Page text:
About why anyone would care about biadditive maps I don't think I can beat the explanation given by Gowers here.

I hope that I was able to help a little bit.

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Concerning the first paragraph, it is not at all clear why a notion (like R-biadditive maps) is important just because it is related to a universal mapping problem. But the more significant misunderstanding in this answer is that you didn't highlight what goes wrong if $M$ and $N$ are, say, both left $R$-modules. My sense of the intent behind the question is why one should want to take $M$ and $N$ to be $R$-modules on different sides in general. –  KCd Mar 8 '12 at 4:21
@KCd Thank you for pointing that out. I'm sorry that I initially misinterpreted things. I'm not as confident about my answer now that I have understood the question, but hopefully I was able to add something. P.S. Thanks for the great notes. –  Alex Youcis Mar 8 '12 at 4:48
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Abstractly, the tensor product is the construction such that there is a natural isomorphism $\newcommand{\op}{\textrm{op}} \newcommand{\Hom}{\textrm{Hom}}$ $$\Hom_{(S, T^\op)}(A \otimes_R B, C) \cong \Hom_{(S, R^\op)}(A, \Hom_{T^\op}(B, C))$$ where $A$ is a $(S, R^\op)$-bimodule, $B$ is a $(R, T^\op)$-bimodule, and $C$ is a $(S, T^\op)$-bimodule. (You can take $S = T = \mathbb{Z}$ if this helps. I write $(S, R^\op)$-bimodule to mean an object which has a left $S$-action and a right $R$-action simultaneously in a compatible way.)

Now, although I will use language suitable for bimodules here, what I say is also applicable to:

  • sets with a monoid or group action,
  • bifunctors $\mathcal{A} \times \mathcal{B}^\op \to \textbf{Set}$, where $\mathcal{A}$ and $\mathcal{B}$ are small categories, and more generally,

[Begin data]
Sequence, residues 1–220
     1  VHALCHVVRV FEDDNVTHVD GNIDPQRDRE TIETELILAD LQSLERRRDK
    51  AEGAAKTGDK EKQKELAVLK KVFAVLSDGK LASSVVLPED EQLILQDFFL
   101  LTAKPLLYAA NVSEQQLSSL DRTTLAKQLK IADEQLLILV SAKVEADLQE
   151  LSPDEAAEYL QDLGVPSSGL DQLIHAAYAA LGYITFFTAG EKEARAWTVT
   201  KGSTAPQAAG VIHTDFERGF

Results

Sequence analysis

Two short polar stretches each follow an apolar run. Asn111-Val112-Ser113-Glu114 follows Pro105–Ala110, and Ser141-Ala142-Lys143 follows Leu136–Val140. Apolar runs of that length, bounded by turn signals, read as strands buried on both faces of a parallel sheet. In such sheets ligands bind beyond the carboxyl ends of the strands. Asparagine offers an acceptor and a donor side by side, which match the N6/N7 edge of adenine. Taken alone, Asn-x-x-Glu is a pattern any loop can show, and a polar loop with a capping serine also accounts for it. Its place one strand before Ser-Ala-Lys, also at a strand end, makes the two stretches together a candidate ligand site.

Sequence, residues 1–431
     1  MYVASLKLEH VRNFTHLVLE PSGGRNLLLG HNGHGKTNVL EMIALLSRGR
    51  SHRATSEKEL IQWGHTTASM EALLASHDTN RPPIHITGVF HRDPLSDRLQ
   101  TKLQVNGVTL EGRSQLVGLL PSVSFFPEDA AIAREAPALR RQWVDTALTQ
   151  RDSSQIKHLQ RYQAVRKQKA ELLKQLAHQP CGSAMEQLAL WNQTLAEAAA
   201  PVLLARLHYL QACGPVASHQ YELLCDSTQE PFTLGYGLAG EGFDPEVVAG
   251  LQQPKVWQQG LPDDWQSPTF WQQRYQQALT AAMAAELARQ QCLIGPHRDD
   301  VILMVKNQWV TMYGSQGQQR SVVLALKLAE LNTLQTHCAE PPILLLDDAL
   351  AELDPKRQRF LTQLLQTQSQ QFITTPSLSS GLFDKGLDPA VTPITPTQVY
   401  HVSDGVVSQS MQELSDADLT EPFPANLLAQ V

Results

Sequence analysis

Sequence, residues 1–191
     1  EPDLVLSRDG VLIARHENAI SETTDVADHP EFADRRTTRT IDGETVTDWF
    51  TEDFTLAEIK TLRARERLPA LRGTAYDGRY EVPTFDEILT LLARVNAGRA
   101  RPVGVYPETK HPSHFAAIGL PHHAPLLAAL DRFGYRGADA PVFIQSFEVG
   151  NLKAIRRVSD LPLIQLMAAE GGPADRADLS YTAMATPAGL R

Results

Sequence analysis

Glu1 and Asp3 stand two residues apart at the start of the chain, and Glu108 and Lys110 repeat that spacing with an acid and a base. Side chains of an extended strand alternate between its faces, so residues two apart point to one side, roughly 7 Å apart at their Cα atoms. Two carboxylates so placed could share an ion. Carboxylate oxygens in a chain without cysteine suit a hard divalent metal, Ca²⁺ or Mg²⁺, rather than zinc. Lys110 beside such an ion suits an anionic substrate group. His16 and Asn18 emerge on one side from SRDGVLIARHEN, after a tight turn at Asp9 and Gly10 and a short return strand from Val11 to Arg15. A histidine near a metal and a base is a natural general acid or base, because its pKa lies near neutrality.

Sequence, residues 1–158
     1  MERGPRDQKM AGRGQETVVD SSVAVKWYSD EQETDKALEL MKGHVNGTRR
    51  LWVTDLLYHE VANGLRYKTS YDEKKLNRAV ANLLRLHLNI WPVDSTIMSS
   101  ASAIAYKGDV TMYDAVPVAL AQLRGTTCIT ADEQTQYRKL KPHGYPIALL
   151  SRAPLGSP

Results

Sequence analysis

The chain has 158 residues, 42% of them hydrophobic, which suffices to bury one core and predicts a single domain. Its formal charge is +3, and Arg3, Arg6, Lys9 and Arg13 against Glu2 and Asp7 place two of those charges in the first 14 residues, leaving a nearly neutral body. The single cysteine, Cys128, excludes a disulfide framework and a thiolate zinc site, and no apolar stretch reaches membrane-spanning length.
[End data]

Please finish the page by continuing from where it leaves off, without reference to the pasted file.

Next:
• bifunctors of categories enriched over a suitable monoidal category.

Firstly, let us examine the hom objects, since tensor products are defined in terms of them. If $A$ and $B$ are left $R$-modules, then they are also abelian groups, and there is a natural monomorphism $$\Hom_R(A, B) \hookrightarrow \Hom(A, B)$$ Indeed, observe that the $R$-actions of $B$ and $A$ (respectively) induce a $(R, R^\op)$-bimodule structure on $\Hom(A, B)$, as follows: if $f : A \to B$ is a homomorphism of abelian groups, we define $r \cdot f \cdot s : A \to B$ by $$(r \cdot f \cdot s)(m) = r f(s m)$$ It is easily checked that this makes $\Hom(A, B)$ into a $(R, R^\textrm{op})$-bimodule. But what is $\Hom_R(A, B)$? It is the subgroup of those homomorphisms $f : A \to B$ such that $$r \cdot f \cdot 1 = 1 \cdot f \cdot r$$ Thus, we get an equaliser diagram of the form $$\Hom_R(A, B) \longrightarrow R \otimes \Hom(A, B) \mathrel{\rlap{\lower{0.5ex}{\longrightarrow}}\raise{0.5ex}{\longrightarrow}} \Hom(A, B)$$ where the upper map is given by the left $R$-action of $A$: $$r \otimes f \mapsto 1 \cdot f \cdot r$$ and the lower map is given by the left $R$-action of $B$: $$r \otimes f \mapsto r \cdot f \cdot 1$$